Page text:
Windows 10 earns positive reviews as Microsoft reaches the crossroads

July 30th, 2015 | by Alfred Siew
Windows 10 earns positive reviews as Microsoft reaches the crossroads
Though there was music at a party for Windows fans in Singapore, there were no queues for the software, which was distributed over the Net.

Though there was music at a party for Windows fans in Singapore, there were no queues for Windows 10, which was distributed over the Net. Source: Microsoft

No queues formed at midnight for the first copies. Nobody rushed home to install the latest Windows 10, out yesterday.

Instead, most users got their new Windows downloaded right onto their PCs – for free. Many more will get it in the coming weeks and months when they buy a new PC.

After decades of glitzy, high-profile launches, Microsoft has done the unthinkable by releasing the latest version of Windows free to most end users.

Okay, PC makers still pay licensing fees for copies sold on their PCs, while PC enthusiasts also have to buy new copies for new self-built machines.

But the rather low-key launch for Windows 10 this time marks the passing of an era for the PC software giant. As it faces a crossroads after 30 years of selling Windows to every PC sold on the planet, it has been forced to find new paths to survive in a tough environment.

Instead of charging the maximum that users could bear for each copy, Microsoft will use Windows 10 to get as many users on its new services as possible. That means giving away the software to end users – mostly.

Whether that will work is another matter, of course. The stated aim is to get these users to spend on other things besides the upfront cost of Windows. Services is a buzzword today, and Google and Facebook have been there earlier, despite the dominance of Windows all this while.

Could add-ons and services be the next big thing to fuel Microsoft’s ambitions in the years ahead? Well, it has to begin somewhere to get to its target of one billion Windows 10 devices by 2018.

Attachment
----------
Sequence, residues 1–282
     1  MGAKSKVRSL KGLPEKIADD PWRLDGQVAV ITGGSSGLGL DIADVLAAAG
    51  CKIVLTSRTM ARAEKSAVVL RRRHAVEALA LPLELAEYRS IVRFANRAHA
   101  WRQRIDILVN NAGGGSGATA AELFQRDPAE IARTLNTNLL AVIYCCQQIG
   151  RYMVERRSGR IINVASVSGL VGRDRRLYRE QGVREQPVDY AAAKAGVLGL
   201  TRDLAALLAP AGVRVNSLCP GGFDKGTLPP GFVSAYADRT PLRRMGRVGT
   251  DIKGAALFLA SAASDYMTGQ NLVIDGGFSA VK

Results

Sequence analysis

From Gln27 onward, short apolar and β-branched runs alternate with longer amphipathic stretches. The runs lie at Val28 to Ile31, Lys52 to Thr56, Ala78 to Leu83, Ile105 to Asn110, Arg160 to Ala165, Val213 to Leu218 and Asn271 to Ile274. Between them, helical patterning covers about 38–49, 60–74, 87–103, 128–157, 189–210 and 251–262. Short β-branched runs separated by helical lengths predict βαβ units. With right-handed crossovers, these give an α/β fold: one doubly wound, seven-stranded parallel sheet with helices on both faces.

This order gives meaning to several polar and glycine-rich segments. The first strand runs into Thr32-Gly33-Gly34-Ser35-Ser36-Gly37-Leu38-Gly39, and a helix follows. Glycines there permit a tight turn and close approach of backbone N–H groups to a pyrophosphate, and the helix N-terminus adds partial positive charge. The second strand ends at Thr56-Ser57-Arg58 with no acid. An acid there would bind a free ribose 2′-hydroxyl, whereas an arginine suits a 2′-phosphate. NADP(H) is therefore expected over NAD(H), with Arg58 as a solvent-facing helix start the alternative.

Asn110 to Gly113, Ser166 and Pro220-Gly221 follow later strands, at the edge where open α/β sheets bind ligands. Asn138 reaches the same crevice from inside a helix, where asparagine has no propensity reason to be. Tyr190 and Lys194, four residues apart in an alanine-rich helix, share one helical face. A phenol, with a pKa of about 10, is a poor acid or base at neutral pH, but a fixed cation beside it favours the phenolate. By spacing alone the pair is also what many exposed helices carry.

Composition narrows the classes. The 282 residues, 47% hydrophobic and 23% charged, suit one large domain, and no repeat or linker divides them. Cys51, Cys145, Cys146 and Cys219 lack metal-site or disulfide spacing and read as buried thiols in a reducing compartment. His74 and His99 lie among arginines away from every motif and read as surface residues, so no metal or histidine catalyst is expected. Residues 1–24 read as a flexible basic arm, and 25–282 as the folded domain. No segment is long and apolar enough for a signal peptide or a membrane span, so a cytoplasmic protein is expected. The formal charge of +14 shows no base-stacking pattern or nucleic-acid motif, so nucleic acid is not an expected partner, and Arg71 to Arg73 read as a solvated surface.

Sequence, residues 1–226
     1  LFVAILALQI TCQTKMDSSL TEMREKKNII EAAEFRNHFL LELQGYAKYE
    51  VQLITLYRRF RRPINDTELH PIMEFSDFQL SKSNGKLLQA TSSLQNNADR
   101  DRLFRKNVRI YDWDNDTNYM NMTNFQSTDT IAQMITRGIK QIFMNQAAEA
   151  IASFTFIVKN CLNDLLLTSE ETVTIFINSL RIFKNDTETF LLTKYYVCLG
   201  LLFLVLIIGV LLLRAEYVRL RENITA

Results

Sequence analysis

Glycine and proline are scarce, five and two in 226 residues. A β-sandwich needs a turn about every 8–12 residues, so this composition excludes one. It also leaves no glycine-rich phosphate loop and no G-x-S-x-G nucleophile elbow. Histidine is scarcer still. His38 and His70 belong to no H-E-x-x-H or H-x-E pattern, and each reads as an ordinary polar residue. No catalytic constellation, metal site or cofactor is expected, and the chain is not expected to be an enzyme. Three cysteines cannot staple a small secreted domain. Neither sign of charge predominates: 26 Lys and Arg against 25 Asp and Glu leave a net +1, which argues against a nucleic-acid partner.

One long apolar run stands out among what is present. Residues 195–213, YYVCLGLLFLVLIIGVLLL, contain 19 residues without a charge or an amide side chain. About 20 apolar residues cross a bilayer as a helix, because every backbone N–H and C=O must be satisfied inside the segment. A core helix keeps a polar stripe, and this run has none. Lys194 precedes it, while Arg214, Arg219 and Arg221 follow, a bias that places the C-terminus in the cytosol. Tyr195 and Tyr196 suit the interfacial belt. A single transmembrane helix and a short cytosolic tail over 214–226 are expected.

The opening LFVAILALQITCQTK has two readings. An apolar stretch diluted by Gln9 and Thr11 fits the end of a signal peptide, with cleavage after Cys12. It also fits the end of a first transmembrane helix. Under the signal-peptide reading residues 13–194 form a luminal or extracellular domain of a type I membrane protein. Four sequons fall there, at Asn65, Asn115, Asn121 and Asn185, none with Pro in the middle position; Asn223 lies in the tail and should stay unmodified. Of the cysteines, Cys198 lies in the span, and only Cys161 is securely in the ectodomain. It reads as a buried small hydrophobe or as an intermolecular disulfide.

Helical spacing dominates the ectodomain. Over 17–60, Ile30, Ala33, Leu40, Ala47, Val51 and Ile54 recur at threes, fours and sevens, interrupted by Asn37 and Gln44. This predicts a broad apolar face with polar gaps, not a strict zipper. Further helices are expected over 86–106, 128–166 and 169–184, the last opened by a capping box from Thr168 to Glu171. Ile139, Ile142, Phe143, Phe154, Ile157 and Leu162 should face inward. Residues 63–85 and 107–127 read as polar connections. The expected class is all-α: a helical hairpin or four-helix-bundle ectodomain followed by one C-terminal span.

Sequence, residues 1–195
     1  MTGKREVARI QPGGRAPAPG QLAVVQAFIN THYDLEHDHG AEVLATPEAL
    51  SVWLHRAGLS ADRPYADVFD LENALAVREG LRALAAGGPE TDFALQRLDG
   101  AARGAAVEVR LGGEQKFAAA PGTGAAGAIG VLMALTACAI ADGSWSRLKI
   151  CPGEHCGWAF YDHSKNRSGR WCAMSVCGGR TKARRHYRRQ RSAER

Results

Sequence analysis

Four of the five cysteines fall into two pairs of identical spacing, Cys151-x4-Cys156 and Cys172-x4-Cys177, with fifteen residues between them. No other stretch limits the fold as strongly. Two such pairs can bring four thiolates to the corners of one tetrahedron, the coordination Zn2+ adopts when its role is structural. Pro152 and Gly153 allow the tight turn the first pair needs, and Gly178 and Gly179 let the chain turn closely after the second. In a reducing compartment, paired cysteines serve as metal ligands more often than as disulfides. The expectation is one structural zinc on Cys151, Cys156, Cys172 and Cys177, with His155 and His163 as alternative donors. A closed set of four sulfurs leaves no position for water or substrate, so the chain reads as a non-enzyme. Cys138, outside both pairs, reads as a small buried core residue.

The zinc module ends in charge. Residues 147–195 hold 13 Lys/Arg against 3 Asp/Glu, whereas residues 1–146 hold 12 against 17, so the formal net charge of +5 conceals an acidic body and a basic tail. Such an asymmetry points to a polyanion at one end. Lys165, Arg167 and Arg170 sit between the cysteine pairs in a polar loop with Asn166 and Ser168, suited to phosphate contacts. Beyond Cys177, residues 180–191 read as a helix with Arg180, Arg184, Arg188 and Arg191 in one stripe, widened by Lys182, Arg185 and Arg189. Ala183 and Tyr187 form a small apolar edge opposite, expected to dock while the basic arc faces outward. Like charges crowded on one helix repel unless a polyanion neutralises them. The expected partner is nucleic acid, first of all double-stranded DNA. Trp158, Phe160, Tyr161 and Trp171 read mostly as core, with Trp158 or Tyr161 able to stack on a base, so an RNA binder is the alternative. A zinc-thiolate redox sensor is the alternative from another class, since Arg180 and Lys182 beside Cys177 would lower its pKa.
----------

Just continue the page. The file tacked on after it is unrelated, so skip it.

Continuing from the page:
Interestingly, to get the full Solitaire experience on Windows 10 – sans advertisements – you’ll have to pay US$1.49 a month for a premium version. That may be a preview of what else you’d have to pay with the “free” operating system in future.


The big question is whether Microsoft can achieve the same stickiness that its rivals have had with their services. Google has search and Gmail as indispensibles to everyday life, while Facebook’s social appeal is obvious.

Microsoft? It can’t be charging people too much for Windows if it wants the software to be pervasive. Of all its service offerings, besides Skype which it bought over in 2011, none has gained the same pervasiveness as its rivals.

Will giving away Windows make people love Microsoft more? Well, it goes some way to make its software – and services – easy to adopt.

Don’t forget that in Windows 10 is a copy of Edge, the new Web browser that takes over from Internet Explorer after 20 years. This online entry point for many users can help make Bing, Microsoft’s search engine, more popular.

Perhaps more importantly, Windows 10 has given users what they want. Yes, the much-talked about Start bar is back, sort of.

Now, users can get into their familiar Windows desktop easily, unlike with Windows 8 which forced them to switch between a touch-friendly interface and the traditional desktop. It seems Microsoft has listened to customers.

That’s probably the reason why Windows 10 has earned good reviews early on. Yes, there are many other new features, such as improved security and the ability to “stream” games from an Xbox to a PC, but ultimately Microsoft has seen that the more you change, the more you stay the same.

In trying to remain the software behemoth of the PC era, it was finding itself out-fought in online services and in the basic operating systems that run devices from smartphones to PCs.

With Windows 10, a version of which will also be rolled out to mobile devices later this year, the company is seeking to win over users like never before. It has done so by going back to what users liked about Windows.

The result is one of the most polished and well-liked operating systems in years – at least at launch. Despite the lack of queues to buy it, Windows 10 may be the most popular yet.

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